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Fixed-Mobile Telephone Subscription Substitution in the U.S


  • Michael R. Ward

    () (Department of Economics, University of Texas at Arlington)

  • Glenn A. Woroch

    (University of California at Berkeley)


We empirically estimate the substitutability of fixed and mobile services for telecommunications access using a large, U.S. household survey1 conducted over the period 1999-2001. We take advantage of telephone price subsidy programs for low-income households to identify large, exogenous changes in fixed service prices to find substantial demand substitutability between fixed and mobile subscription. Since income and demographic factors account for the subsidy’s effect on subscription to cable TV and Internet services and purchase of a personal computer, we infer that the residual effect of the subsidy on mobile subscription represents a price, and not an income, effect.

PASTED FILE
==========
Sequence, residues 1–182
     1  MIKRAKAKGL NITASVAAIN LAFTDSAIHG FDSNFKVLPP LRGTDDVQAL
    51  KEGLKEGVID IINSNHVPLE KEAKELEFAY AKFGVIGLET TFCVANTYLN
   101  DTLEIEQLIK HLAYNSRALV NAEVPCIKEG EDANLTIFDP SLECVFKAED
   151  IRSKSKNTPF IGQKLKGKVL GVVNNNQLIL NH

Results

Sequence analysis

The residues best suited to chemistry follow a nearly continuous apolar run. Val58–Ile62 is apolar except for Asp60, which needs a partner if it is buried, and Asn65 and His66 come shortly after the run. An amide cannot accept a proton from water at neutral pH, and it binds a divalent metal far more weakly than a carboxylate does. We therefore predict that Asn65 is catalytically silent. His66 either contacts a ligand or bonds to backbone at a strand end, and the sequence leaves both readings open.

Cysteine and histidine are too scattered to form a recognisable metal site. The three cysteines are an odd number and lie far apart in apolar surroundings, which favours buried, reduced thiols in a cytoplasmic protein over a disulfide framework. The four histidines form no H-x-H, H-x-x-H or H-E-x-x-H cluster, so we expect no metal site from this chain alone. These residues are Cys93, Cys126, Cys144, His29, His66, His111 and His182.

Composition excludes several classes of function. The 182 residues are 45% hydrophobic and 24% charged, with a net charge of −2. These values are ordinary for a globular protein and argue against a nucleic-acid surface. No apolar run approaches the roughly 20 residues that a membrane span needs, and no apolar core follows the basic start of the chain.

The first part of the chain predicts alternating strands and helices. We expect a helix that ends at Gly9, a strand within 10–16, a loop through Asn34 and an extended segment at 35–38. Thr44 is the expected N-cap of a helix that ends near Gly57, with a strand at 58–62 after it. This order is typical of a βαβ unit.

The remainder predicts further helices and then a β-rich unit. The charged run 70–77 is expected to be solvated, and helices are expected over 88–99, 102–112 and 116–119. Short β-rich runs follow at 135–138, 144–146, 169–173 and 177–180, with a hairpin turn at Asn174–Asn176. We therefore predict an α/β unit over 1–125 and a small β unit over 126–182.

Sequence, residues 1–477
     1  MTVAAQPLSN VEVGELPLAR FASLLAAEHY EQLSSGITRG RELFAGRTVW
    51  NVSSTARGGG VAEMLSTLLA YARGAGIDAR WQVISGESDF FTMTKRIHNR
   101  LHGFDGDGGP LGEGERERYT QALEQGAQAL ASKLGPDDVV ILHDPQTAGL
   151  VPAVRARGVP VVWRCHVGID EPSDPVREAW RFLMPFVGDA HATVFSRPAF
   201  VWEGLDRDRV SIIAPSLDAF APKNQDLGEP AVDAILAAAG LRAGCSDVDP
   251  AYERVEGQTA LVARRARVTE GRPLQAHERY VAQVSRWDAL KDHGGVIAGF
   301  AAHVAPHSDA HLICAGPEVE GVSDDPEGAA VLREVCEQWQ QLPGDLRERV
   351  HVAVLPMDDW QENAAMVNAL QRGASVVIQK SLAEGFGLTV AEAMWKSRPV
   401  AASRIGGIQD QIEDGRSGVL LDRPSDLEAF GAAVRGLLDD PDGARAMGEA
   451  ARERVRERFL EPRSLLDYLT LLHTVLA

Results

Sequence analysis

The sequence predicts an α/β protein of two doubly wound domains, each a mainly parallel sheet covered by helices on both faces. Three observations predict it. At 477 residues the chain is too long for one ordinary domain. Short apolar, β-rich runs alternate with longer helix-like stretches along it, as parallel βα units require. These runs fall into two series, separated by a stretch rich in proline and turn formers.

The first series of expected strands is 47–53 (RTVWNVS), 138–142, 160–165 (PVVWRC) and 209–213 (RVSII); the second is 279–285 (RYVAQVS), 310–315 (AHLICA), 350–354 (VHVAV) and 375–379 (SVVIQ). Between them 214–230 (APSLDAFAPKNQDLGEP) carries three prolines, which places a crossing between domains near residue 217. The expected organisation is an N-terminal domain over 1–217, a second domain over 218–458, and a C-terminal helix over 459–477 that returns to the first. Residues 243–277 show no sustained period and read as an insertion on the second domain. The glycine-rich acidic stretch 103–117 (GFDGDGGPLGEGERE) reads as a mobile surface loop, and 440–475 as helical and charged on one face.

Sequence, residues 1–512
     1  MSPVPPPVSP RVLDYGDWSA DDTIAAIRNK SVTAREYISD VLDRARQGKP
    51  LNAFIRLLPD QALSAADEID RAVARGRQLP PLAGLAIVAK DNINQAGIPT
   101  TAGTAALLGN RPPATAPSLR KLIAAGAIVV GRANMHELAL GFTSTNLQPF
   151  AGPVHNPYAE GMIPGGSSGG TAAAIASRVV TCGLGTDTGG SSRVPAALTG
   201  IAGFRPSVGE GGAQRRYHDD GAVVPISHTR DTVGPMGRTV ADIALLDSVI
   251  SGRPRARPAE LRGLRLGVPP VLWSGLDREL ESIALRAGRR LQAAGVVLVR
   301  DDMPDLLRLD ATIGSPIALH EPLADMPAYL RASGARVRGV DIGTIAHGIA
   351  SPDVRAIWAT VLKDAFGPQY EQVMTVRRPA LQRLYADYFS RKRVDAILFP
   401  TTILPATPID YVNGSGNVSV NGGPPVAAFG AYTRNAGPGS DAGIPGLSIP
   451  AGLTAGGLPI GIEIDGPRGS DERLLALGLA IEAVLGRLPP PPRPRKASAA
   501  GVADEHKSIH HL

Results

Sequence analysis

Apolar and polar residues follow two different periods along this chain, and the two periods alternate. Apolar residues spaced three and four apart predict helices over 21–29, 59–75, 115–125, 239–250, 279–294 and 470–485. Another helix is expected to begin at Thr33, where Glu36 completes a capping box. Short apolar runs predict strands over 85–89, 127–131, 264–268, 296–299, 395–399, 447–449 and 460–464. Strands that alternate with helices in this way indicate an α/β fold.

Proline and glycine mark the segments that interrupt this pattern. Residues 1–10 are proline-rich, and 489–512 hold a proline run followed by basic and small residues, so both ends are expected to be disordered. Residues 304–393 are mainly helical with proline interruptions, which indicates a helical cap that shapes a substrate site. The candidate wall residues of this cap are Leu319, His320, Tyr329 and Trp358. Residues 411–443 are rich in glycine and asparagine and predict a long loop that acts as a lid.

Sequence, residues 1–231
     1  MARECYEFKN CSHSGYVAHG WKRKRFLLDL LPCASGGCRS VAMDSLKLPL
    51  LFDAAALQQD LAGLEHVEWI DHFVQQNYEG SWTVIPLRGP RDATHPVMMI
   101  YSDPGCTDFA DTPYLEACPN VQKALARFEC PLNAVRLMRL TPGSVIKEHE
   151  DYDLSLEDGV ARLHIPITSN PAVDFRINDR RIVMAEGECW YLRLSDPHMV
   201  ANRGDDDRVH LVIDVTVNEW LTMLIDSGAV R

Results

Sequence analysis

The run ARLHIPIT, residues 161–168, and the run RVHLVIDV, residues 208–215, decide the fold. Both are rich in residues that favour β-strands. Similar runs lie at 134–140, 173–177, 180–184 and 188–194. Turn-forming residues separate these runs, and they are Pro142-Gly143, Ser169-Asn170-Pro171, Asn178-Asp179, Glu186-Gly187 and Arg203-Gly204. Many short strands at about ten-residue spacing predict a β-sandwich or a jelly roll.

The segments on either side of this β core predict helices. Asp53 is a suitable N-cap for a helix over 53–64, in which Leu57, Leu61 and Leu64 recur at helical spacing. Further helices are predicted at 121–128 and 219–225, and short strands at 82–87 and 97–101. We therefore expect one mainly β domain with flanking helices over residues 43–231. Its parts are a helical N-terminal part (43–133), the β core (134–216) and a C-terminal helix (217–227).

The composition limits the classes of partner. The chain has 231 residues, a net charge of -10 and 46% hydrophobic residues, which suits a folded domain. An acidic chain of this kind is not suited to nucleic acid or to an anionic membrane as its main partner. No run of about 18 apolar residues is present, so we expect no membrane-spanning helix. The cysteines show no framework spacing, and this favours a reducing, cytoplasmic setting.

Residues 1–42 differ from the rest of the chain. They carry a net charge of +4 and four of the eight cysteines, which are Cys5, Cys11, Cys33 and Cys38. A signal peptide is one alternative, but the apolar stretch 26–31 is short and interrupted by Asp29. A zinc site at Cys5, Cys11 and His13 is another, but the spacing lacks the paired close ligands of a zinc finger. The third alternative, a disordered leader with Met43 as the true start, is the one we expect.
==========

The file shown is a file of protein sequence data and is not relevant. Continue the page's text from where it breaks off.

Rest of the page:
Suggested Citation

  • Michael R. Ward & Glenn A. Woroch, 2005. "Fixed-Mobile Telephone Subscription Substitution in the U.S," Working Papers 0501, University of Texas at Arlington, Department of Economics.
  • Handle: RePEc:txa:wpaper:0501

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    Cited by:

    1. Lukasz Grzybowski & Frank Verboven, 2013. "Substitution and Complementarity between Fixed-line and Mobile Access," Working Papers 13-09, NET Institute.

    More about this item


    Telecommunications; Mobile; Substitution; Lifeline;

    JEL classification:

    • D12 - Microeconomics - - Household Behavior - - - Consumer Economics: Empirical Analysis
    • L96 - Industrial Organization - - Industry Studies: Transportation and Utilities - - - Telecommunications
    • L0 - Industrial Organization - - General


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